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College Cup hunting: Irish face storied rival in Elite Eight

Notre Dame women’s soccer will look to advance to its first College Cup since 2010 Saturday night when they take on the North Carolina Tar Heels in South Bend.

The Tar Heels and Irish matchup is one of the most storied rivalries in women’s college soccer history. The two teams have played in the NCAA final no less than five times and in the semi-finals three more times. 

But Saturday’s showdown will be a rekindling of a rivalry that, at least on the stage of the national tournament, had since fallen dormant. Notre Dame hasn’t played UNC in the national postseason since 2010, coincidentally the last time the Irish captured the national championship.

As one would imagine from a program that historically has not only been the gold standard but the only standard for women’s college soccer, the 2022 edition of the Tar Heels represents Notre Dame’s toughest test of the season thus far.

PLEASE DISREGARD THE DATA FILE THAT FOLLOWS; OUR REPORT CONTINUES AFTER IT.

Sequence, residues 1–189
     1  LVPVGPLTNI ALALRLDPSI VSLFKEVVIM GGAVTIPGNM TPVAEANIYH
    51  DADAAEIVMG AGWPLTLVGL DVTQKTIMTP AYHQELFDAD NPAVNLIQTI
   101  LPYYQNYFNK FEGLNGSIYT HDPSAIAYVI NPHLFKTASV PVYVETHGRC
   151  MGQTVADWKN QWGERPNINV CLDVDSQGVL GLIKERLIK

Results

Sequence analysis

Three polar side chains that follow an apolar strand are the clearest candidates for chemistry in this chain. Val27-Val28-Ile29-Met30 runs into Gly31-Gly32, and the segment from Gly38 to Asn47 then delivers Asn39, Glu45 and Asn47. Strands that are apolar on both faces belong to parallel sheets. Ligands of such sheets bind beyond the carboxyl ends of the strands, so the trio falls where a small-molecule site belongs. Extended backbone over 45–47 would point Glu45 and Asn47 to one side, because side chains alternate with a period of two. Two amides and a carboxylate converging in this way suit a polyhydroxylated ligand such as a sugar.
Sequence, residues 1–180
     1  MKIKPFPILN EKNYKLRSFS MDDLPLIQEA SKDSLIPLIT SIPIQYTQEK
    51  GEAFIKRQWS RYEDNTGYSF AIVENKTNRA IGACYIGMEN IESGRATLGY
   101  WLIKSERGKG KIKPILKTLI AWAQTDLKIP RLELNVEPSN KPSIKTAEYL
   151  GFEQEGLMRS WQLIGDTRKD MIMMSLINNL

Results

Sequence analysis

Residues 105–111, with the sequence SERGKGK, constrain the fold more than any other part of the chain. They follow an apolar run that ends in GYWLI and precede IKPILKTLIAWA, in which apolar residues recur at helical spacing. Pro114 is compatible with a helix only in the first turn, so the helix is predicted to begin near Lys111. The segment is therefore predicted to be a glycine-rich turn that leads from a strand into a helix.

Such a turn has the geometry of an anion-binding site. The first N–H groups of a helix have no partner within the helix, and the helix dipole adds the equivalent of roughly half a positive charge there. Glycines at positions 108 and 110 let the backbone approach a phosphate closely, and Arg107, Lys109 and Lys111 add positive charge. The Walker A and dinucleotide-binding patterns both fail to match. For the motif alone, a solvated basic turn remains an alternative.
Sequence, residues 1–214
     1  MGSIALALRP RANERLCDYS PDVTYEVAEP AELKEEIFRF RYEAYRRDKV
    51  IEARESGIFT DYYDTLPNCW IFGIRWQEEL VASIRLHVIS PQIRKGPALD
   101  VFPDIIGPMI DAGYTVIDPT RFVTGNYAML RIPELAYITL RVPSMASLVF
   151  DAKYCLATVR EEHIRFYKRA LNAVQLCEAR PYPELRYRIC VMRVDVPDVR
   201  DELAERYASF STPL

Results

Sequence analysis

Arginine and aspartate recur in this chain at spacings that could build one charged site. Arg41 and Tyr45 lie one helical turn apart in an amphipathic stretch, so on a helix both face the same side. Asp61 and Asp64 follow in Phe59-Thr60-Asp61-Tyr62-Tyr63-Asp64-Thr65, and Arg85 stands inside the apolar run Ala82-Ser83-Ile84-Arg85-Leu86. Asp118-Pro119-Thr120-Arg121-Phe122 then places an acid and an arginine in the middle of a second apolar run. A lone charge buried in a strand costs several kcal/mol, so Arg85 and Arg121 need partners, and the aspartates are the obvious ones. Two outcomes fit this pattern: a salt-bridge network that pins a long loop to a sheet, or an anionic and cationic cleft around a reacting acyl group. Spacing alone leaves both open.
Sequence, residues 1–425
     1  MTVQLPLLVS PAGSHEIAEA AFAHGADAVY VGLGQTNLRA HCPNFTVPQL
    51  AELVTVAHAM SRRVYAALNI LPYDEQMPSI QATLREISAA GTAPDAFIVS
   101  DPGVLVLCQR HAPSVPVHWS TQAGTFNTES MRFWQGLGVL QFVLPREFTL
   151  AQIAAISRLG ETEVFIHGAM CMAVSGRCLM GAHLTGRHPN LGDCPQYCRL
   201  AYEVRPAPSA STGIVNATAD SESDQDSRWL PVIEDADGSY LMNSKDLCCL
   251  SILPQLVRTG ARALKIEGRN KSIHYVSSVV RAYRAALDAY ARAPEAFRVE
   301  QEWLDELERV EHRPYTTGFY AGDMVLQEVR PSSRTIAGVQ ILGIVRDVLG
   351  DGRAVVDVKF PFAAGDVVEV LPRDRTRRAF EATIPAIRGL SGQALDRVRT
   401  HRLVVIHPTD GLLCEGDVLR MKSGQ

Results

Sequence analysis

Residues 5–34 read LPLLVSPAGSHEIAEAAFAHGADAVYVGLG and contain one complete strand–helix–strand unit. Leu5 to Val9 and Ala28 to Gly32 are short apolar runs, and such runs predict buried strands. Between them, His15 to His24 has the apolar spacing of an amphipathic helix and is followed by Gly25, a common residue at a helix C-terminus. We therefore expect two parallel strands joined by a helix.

Junior Avery Patterson headlines a stacked North Carolina squad, with the versatile “midfielder” capable of lining up just about anywhere on the field as needed. Patterson leads the Tar Heels in goals and is tied for the team lead in assists, underlying the impact she has on the team from her wingback role. 

Redshirt freshman Ally Sentnor leads the line, with nine goals on the season to her name. She’s partnered with veteran senior Isabel Cox, who brings four years of experience in Anson Dorrance’s system to the table.

Tori Hansen anchors the defense, with the senior Raleigh looking like a surefire pick in the upcoming NWSL draft. Hansen offers a physical presence in the air at 5’10’’, but more importantly, will be leaned on to organize and lead an unconventional three-at-the-back Tar Heel defensive structure that requires perfection in chemistry to operate at its best. Hansen, who also has an impressive seven goals to her name, has hardly ever left the field for UNC this season, having played nearly 1,981 minutes. No other player on the roster, including starting goalkeeper Emmie Allen, has played more than 1,800.

Hansen and co. will likely also be facing their toughest task of the season in containing Notre Dame sophomore Korbin Albert. Albert has vaulted her way into pole position for the Mac Hermann award down the stretch of the 2022 campaign, dropping statement performances against Florida State in the ACC semifinals and Santa Clara in the Round of 32.